Pat Poling - Don't like going to markets for one off deals. Obviously the first asset you get in a market by definition is a one off deal until you buy the second one. We always like having at least two if not more in the market, given the size of the market. Like I mentioned Waco, Waco is a smaller market. It's a really great market, great growth. Really solid community, I don't know that I want to own eight properties in Waco. I don't know that that makes a lot of sense. Dallas on the other hand, seven million people running around. We could own 20 or 30 properties in Dallas and not be over weight in Dallas. Market size certainly has something to do with that. The criteria are less about the actual number of units and more about two items that we see as the barriers. One I just referenced and that is staying out of the way of the institutions. If you're going to buy a thousand units, there's not a lot of folks that are going to bid on a thousand unit property. But I guarantee you, the ones that are going to bid on it that you're going to be up against have got much deeper pockets than I'm going to have. And so we want to stay out of their way. We're probably going to be 300 or 400 units on the top end. We did a little over 400 units a little over a year ago. That's probably the upper end of where we think the model makes sense. On the other end of the spectrum, we're big believers in on site management. 40 unit complexes, fantastic. You want to get a couple of buddies together and go buy one. Figure out how you're going to manage it, knock yourself out.
Pat Poling - We think that's a great way for individuals to place in the marketplace. It's not a very effective model, we think for a sponsor like us or other sponsors like us because you can't have on site management that's efficient at that level. Somewhere around a hundred units, that starts to work. You can maybe do something a little below that, but not much below that. You're probably in the 80-100 unit on the low end, 300-400 on the high end. When you translate that into 50, 60, 70,000 a door, you're talking about assets that are maybe six million on the low end to 25-30 million on the high end. That's probably the range that you'd be looking at.
Adam Hooper - Yeah and that's right in the real house where we see the deals on RealCrowd rates. Sub-institutional in size but bigger than what an individual owner might be able to take down themselves.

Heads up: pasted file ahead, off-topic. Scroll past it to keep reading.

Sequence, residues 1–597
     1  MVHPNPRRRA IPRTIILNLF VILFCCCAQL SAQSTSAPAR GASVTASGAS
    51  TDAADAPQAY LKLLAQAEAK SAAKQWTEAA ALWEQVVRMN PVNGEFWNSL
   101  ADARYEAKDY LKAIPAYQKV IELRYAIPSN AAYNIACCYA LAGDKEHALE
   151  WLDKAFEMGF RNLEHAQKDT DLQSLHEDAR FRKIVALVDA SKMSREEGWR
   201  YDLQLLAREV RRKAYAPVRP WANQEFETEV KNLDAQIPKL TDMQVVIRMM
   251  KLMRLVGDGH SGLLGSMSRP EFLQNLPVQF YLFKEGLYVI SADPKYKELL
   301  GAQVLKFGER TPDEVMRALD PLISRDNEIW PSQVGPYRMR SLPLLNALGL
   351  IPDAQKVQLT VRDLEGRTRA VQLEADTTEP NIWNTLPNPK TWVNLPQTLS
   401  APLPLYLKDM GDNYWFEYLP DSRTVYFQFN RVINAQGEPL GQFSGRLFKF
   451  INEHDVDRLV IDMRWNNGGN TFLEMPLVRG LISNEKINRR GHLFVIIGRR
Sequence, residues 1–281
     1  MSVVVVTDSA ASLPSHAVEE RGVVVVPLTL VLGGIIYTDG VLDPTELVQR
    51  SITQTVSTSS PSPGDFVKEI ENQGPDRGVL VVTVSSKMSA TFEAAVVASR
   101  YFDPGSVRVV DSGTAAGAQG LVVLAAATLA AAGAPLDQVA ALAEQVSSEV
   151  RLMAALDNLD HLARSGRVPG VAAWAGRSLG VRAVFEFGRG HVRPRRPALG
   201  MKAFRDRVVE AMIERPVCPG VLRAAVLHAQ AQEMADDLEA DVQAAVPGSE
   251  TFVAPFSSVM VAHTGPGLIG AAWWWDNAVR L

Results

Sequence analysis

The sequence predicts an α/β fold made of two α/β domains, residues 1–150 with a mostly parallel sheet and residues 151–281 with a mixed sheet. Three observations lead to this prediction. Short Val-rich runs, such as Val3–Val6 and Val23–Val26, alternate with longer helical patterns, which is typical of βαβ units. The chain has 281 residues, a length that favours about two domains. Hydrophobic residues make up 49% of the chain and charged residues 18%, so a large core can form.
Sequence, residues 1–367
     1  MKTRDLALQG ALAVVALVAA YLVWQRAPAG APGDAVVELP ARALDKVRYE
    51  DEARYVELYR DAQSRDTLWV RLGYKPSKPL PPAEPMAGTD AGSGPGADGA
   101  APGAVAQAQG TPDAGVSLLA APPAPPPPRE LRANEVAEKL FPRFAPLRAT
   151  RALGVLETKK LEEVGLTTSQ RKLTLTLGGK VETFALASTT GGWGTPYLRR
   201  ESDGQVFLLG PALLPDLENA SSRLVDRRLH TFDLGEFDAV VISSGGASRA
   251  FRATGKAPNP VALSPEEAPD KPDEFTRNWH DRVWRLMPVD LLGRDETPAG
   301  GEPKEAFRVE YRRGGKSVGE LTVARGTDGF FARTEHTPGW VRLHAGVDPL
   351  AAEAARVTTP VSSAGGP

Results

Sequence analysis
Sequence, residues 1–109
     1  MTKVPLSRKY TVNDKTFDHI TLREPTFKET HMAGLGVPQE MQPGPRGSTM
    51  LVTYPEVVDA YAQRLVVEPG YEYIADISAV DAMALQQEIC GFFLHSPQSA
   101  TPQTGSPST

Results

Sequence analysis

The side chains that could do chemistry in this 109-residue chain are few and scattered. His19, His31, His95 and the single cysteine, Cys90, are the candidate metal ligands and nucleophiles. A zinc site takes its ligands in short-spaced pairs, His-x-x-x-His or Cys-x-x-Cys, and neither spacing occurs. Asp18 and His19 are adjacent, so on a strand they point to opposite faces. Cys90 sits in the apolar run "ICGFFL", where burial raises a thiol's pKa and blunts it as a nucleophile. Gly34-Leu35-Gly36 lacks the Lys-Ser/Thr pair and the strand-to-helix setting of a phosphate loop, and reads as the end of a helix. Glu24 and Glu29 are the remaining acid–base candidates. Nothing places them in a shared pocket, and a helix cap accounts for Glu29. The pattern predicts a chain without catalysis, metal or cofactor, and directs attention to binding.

Pat Poling - Right, right.
Adam Hooper - Switching gears a little bit to the investor side of things. You've laid out a great foundation for how you guys look at the deals, and maybe what some of those criteria are. But as an investor, when you're looking at different deals from different sponsors, how can you determine if they're buying something right?
Pat Poling - That's probably the thing we spend the most time on is helping the contacts that we have. Folks that have reached out to us develop a deeper understanding of the marketplace so that they can make an informed decision. We're big believers that one, you don't sell these kinds of investments. As we've often said, none of us are that good a sales people and two, we just don't think you're going to talk somebody into writing the kind of check you have to write to get in on one of these investments. What really needs to happen is people getting educated and learning more about what might happen in terms of how this investment would operate. All of the questions that we just went through, all those topics, those are things that everybody should be looking to understand from each sponsor. Because this might be a dirty little secret inside the industry. We actually don't compete against each other. The other opportunities that you have on your platform, we're not competing against those 'cause we're all doing something a little different. We're all aiming at a different piece of the marketplace and doing something strategically a little different than next person. And so understanding what those differences are help each investor figure out, okay is this a fit for what I'm trying to do with these kinds of dollars that I've got or not. That's probably the most important thing we think for anyone to do is to understand how the sponsor is implementing their program, so that they can then make a decision